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|Title:||Improving the accuracy of ACIR data and increasing vaccination rates||Authors:||Miles, Thaïs A ;Granger, Linda V ;Gately, Colleen L||Affliation:||Central Coast Local Health District||Issue Date:||Oct-2019||Source:||43(2019)||Journal title:||Communicable diseases intelligence (2018)||Department:||Public Health||Abstract:||Immunisation at the earliest appropriate age and high levels of vaccine coverage at milestone ages are important in preventing the spread of vaccine-preventable diseases. At the Central Coast Public Health Unit, the authors sought to determine if follow-up of children said by the Australian Childhood Immunisation Register (ACIR) to be overdue for vaccination improved both of these factors. In a quality improvement activity, monthly ACIR lists of overdue Central Coast children aged 9 to 10 months of age were examined. The study alternated three months of intervention with three months of no intervention. The intervention was designed to find evidence of vaccination, first from the last known provider, and then if this was unsuccessful, from the parent. If no information was available, a letter was sent to the parents. If the child was indeed vaccinated, the register was updated. If the child was missing any vaccinations, the parent(s) were encouraged to complete the schedule. On reviewing routinely-published quarterly ACIR data at three-monthly intervals for 24 months after the intervention (or non-intervention), timeliness of vaccination improved in the intervention cohort. Central Coast fully vaccinated rates diverged from NSW rates during the study. In addition, the ACIR quarters that contained two out of three months of intervention rather than one out of three months of intervention had the highest rates of fully vaccinated children. The authors concluded that the intervention improved both timeliness of vaccination and the proportion of fully vaccinated children.||URI:||https://elibrary.cclhd.health.nsw.gov.au/cclhdjspui/handle/1/1712||DOI:||10.33321/cdi.2019.43.46||Pubmed:||https://www.ncbi.nlm.nih.gov/pubmed/31610771||ISSN:||2209-6051||Publicaton type:||Journal Article||Keywords:||Public Health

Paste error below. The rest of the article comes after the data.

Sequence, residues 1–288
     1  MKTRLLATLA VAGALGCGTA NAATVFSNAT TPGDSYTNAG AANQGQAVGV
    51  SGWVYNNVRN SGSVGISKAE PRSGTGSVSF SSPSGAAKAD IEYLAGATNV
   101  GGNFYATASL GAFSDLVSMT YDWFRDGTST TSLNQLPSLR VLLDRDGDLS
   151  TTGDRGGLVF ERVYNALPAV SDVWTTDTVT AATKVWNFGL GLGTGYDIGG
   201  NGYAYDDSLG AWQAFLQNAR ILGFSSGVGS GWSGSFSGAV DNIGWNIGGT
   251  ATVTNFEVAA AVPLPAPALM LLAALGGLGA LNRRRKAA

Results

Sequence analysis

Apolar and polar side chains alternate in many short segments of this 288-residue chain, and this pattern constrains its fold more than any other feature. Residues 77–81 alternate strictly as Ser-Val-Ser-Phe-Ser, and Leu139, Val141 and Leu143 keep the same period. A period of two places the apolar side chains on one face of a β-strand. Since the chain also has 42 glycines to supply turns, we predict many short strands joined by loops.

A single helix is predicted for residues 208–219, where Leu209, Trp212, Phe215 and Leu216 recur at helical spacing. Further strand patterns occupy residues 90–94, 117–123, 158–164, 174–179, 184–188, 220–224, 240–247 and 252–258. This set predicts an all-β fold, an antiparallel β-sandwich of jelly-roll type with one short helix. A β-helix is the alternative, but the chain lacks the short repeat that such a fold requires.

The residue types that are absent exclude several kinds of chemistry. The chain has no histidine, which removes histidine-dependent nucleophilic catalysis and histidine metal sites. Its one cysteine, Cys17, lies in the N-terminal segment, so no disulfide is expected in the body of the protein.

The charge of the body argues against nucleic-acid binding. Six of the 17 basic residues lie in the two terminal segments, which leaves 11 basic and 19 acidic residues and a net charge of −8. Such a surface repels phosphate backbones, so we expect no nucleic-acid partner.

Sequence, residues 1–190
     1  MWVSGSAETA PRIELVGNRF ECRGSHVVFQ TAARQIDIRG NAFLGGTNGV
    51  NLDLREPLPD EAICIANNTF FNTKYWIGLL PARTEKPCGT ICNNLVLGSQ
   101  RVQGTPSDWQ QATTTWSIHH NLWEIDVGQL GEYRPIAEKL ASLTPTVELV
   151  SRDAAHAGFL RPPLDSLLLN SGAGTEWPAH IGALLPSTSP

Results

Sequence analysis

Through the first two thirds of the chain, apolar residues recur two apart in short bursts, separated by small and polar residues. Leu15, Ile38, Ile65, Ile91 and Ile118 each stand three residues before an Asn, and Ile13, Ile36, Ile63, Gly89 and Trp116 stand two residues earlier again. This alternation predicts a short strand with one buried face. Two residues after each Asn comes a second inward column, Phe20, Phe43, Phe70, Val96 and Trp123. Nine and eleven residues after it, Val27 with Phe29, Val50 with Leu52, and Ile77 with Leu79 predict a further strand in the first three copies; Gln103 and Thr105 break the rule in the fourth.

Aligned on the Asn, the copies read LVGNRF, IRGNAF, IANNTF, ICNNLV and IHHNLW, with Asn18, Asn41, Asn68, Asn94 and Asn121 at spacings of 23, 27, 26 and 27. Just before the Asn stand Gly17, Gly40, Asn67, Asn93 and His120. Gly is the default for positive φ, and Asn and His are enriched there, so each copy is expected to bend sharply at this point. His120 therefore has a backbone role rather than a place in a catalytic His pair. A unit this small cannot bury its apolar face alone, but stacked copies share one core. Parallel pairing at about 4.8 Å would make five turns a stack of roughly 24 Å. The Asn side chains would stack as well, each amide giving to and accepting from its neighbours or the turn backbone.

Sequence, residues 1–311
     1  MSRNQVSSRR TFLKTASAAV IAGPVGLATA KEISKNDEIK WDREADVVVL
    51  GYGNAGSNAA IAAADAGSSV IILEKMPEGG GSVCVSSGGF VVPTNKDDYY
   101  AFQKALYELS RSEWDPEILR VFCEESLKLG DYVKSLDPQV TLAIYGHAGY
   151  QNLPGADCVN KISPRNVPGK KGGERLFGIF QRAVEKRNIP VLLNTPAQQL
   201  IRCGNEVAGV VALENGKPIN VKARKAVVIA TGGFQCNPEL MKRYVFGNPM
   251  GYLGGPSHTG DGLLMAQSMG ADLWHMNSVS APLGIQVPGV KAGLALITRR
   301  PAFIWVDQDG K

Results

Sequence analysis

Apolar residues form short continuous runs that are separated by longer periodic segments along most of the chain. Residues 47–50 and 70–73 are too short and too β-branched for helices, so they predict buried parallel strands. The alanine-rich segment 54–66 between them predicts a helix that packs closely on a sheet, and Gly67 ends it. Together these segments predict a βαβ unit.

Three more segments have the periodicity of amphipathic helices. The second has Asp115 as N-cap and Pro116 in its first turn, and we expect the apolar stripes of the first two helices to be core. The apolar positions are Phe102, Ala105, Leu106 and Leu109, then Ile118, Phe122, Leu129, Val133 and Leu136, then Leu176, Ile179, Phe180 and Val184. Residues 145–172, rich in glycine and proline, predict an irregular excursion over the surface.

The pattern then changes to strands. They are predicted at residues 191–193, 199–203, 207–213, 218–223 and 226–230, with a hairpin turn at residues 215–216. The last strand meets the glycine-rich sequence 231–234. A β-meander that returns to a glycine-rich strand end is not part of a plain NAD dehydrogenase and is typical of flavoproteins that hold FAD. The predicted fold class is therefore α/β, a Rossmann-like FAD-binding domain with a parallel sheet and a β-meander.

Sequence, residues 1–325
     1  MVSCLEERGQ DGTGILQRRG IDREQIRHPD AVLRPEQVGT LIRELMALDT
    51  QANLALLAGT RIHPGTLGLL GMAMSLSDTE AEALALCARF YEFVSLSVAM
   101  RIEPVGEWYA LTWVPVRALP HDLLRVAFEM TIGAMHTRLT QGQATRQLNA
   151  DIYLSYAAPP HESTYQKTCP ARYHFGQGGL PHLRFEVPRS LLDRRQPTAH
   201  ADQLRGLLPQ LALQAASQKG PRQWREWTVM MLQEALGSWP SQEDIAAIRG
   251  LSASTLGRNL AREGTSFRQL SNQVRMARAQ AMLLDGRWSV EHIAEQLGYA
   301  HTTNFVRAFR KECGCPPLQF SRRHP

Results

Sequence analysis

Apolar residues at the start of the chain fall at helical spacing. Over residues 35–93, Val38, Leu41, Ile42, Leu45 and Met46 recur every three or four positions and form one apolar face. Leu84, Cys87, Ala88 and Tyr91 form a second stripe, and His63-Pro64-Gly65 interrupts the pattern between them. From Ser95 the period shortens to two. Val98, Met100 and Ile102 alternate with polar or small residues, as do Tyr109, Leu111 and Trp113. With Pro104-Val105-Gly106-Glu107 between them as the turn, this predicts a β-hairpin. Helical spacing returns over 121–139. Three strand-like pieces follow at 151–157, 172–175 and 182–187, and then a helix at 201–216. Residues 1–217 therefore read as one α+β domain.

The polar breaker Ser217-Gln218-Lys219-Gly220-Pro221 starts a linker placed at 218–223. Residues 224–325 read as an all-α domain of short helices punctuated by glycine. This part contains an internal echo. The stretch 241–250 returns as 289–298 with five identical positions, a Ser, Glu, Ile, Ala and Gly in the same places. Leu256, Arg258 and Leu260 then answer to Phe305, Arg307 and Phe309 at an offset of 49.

|Appears in Collections:||Public Health / Health Promotion|
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